Monday, January 18, 2016

AKA: The day America pretends its achieved racial equality

Why yes it is Martin Luther King day again. A day where we, as a nation revere the great civil rights leader (well, at least since 2000 for some states who had be dragged kicking and screaming into the modern age.) Well, at least we revere the watered-down, defanged, milquetoast version of MLKjr at any rate (see also post-Parkinsons Muhammad Ali, who, by sheer coincidence I'm sure, became a more "beloved" figure as older age and disease caused him to become less outspoken.) As the civil rights struggle continues with Black Lives Matter and other activist groups (whose acts of civil protest prove that they are trouble-making rabble-rousers, unlike that well-behaved MLK who...oh wait.), I think this is a good time to highlight an article that gives a more comprehensive look at King's legacy and activism. In particular, this piece dispels notion that non-violent protest is and must be stripped of urgency, assertiveness and confrontation. As the article states:

In its time, King’s use of nonviolent resistance generated a nearly unending stream of controversy. And in this era of Black Lives Matter, it is critical to remember that, far more than a serving as a peacemaker, King was an advocate of disruption.
Too often (yes on "both sides of the aisle"), King has been inaccurately classified as a mild-mannered "wimp", a "good black" because our desire for revisionist history on racial matters has led the impact of his work rather misunderstood (Surprise! He wasn't always such a "beloved" figure):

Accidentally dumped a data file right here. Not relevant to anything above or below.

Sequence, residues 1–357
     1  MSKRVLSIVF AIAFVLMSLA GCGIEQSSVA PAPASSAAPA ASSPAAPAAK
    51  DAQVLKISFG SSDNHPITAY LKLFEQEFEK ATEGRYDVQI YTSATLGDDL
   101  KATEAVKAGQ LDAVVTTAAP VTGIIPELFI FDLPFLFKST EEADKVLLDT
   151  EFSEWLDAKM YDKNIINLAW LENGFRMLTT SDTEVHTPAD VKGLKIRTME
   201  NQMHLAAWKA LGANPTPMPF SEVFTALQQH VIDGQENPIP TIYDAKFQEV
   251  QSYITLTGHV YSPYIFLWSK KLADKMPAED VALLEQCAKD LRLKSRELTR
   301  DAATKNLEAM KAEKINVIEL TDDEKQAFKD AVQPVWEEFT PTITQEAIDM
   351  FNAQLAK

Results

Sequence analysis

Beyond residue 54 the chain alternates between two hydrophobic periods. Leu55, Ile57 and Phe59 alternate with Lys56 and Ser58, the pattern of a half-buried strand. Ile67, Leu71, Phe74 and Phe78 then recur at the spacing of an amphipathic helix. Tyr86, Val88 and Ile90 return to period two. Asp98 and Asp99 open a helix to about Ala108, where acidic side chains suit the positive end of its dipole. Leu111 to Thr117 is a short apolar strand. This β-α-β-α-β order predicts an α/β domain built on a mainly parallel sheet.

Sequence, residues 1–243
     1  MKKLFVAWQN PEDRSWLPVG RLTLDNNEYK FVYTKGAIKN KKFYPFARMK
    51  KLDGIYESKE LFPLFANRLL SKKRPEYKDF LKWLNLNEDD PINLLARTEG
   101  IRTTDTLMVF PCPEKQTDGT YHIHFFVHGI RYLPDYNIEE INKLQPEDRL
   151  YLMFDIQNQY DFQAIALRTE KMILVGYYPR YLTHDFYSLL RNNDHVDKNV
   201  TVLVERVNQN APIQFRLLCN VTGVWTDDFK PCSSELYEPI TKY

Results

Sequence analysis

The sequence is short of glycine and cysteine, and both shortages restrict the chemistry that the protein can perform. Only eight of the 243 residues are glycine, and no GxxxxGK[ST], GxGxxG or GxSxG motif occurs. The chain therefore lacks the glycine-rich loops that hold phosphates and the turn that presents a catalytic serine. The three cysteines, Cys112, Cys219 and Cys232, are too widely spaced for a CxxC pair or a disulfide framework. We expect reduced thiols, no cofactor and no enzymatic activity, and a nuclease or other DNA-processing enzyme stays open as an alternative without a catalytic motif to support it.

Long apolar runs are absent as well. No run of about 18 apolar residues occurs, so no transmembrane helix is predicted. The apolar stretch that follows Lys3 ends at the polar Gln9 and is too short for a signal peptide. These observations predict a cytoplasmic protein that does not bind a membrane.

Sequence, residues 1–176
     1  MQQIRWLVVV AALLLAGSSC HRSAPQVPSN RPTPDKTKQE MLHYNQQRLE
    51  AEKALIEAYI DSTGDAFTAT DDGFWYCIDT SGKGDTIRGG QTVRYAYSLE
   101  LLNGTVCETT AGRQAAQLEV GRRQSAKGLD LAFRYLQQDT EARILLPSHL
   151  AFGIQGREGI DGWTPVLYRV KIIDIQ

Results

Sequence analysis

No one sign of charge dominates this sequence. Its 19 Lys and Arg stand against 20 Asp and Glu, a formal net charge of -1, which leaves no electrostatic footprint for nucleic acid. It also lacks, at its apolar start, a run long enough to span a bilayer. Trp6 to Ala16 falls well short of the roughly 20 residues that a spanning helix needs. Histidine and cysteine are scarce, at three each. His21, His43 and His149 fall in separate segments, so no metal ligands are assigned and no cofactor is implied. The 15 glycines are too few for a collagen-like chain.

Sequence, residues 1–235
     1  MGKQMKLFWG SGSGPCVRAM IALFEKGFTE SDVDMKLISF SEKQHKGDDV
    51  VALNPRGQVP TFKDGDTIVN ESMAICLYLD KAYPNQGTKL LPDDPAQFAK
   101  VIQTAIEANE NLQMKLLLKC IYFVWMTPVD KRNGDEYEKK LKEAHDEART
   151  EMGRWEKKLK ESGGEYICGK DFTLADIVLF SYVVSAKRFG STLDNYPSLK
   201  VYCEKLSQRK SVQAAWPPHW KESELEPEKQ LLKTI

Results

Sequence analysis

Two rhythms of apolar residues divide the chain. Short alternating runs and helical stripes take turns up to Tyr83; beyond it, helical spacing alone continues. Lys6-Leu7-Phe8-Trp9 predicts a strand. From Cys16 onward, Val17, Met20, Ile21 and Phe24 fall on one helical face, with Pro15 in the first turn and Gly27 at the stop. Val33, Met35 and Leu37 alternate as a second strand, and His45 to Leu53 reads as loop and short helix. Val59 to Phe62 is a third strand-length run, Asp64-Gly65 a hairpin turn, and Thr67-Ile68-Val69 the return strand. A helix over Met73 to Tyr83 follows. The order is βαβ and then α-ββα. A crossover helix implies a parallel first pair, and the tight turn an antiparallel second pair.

Looking back from the safe remove of history, it can be easy to imagine that landmark social and political causes of the past— whether they involved ending slavery, securing the franchise for women, or establishing standards of workplace safety — were popular and widely celebrated. But the truth is that these issues generated tremendous acrimony. In promoting them, activists had to make the difficult decision to invite division and hostility before they achieved their most impressive results.
King’s Southern Christian Leadership Conference (SCLC) often drew criticism not only from defenders of segregation, but also would-be allies who believed the protests the organization helped lead were unduly abrasive and ultimately counter-productive. In this way, King bears much in common with the #BlackLivesMatter activists who are currently being attacked for perceived impatience and incivility in promoting their cause.

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